The Deep Blue Between by Ayesha Harruna Attah

Date Read: July 29th 2020

(to be) Published: October 15th 2020

Publisher: Pushkin Children’s Books

Pages: 256

The Blurb

Twin sisters Hassana and Husseina’s home is in ruins after a brutal raid. But this is not the end but the beginning of their story, one that will take them to unfamiliar cities and cultures, where they will forge new families, ward off dangers and truly begin to know themselves.

As the twins pursue separate paths in Brazil and the Gold Coast of West Africa, they remain connected through shared dreams of water. But will their fates ever draw them back together?

A sweeping adventure with richly evocative historical settings, The Deep Blue Between is a moving story of the bonds that can endure even the most dramatic change.

◊◊

Review – ★★★★ (4 stars)

This has been a long journey, especially for readers of The Hundred Wells of Salaga, where we are first introduced to the twins – Hassana and Husseina. Imagine the deep annoyance I felt encountering Wofa Sarpong again, at the beginning of this novel. Does anyone hate him more than me?

The deep blue sea eventually separates Hassana and Husseina not only physically, but also spiritually and mentally. Hassana and Husseina (who later changes her name to Vitória) are separated by the sea after raiders destroy their village in Botu. By fate, Hassana remains in the Gold Coast and is sold into slavery, while Husseina is taken to Lagos and later to ‘greener pastures’ in Bahia, thanks to her godmother.

In true Ayesha H. Attah fashion, this novel is character-driven, with each character’s storyline alternating in the book’s chapters. Hassana and Husseina are both well-rounded characters and readers witness their growth from their painful separation, to the journey that leads them to realizing their full selves. The oldest twin – Hassana, reminded me of the bold, fearlessness of Akua-Afriyie in Harmattan Rain and Wurche in The Hundred Wells of Salaga. While I gravitate more towards these fearless women characters, I found myself really craving more of Husseina’s/Vitória’s chapters whenever I was reading Hassana’s. It was only when Hassana moved to Accra and befriended a vibrant Ga girl, that I started to enjoy her storyline – because who doesn’t love to see camaraderie between young black girls? Their sisterhood wasn’t free of conflict, but it felt so realistic and pure.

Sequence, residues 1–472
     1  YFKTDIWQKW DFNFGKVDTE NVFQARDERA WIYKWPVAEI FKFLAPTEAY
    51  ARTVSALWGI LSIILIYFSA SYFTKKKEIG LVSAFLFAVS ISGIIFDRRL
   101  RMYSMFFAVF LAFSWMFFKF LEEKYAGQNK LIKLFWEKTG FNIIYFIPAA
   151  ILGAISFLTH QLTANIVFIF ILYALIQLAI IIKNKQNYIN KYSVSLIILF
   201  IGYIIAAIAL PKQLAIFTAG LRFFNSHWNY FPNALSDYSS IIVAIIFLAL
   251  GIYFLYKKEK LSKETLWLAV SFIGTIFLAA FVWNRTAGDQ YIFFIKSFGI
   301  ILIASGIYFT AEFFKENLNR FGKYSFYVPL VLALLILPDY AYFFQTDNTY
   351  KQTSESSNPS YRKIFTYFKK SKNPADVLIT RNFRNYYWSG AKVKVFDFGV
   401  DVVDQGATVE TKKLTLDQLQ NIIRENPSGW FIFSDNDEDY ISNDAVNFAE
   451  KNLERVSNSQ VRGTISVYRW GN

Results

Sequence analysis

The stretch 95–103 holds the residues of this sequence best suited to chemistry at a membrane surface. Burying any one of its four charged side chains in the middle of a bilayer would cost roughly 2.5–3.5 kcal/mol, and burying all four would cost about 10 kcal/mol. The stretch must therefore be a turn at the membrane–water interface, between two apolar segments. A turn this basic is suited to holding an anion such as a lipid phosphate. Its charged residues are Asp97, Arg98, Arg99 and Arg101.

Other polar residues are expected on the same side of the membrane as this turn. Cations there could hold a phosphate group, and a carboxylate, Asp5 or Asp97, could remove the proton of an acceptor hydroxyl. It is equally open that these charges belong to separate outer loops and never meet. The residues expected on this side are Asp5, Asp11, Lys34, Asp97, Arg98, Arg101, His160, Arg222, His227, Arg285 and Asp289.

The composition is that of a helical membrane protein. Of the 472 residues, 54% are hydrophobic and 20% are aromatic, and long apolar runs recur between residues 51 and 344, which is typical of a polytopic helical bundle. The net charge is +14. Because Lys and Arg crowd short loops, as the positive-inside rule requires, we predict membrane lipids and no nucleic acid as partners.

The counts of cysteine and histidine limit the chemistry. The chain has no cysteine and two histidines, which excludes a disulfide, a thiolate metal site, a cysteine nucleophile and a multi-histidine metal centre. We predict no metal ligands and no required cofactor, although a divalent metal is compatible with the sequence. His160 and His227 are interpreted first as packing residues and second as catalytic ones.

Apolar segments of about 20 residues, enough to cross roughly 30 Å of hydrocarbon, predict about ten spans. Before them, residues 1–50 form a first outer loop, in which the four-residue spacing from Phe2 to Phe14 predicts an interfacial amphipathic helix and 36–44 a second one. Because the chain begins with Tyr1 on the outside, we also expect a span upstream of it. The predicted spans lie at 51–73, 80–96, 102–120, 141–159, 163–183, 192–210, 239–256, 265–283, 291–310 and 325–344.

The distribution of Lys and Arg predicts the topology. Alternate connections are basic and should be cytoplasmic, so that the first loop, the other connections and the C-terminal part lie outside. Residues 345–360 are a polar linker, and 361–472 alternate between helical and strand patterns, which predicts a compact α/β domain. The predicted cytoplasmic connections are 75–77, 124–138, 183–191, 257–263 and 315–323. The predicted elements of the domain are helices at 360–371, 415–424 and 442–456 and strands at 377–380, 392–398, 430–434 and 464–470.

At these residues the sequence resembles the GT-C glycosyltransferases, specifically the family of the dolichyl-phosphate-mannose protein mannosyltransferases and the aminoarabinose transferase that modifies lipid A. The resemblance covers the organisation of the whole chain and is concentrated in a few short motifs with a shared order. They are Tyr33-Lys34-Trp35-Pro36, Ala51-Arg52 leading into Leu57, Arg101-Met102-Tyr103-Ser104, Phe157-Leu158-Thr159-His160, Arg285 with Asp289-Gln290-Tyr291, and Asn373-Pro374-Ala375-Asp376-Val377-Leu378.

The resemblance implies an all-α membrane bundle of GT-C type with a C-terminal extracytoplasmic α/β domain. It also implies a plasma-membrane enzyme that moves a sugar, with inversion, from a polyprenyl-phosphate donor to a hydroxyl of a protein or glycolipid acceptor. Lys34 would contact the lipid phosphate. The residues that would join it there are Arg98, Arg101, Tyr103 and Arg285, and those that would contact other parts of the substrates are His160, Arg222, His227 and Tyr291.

I was soooo fascinated by Vitória’s life in Brazil. It always escapes me that Brazil is part of the African diaspora; but this book reminded me of our extended family in South America, because of the expansiveness of slavery. Even the font style of Vitória’s chapter headings show how different and somewhat vibrant her life was. Her life in Bahia brought to light similarities in our foods, like – acarajé akin to Ghanaian koose; moqueca and feijoada akin to our seafood and beef stews, respectively. It was eye-opening to learn about Candomblé, Yemanja and other orixás and how Vitória wholeheartedly leaned into her newfound beliefs. Besides the constant Googling I was doing of Portuguese words, I was also refreshing my memory on Ghana’s pre-colonial history – especially the role of missionaries and the Anglo- Ashanti wars between 1824 and 1900.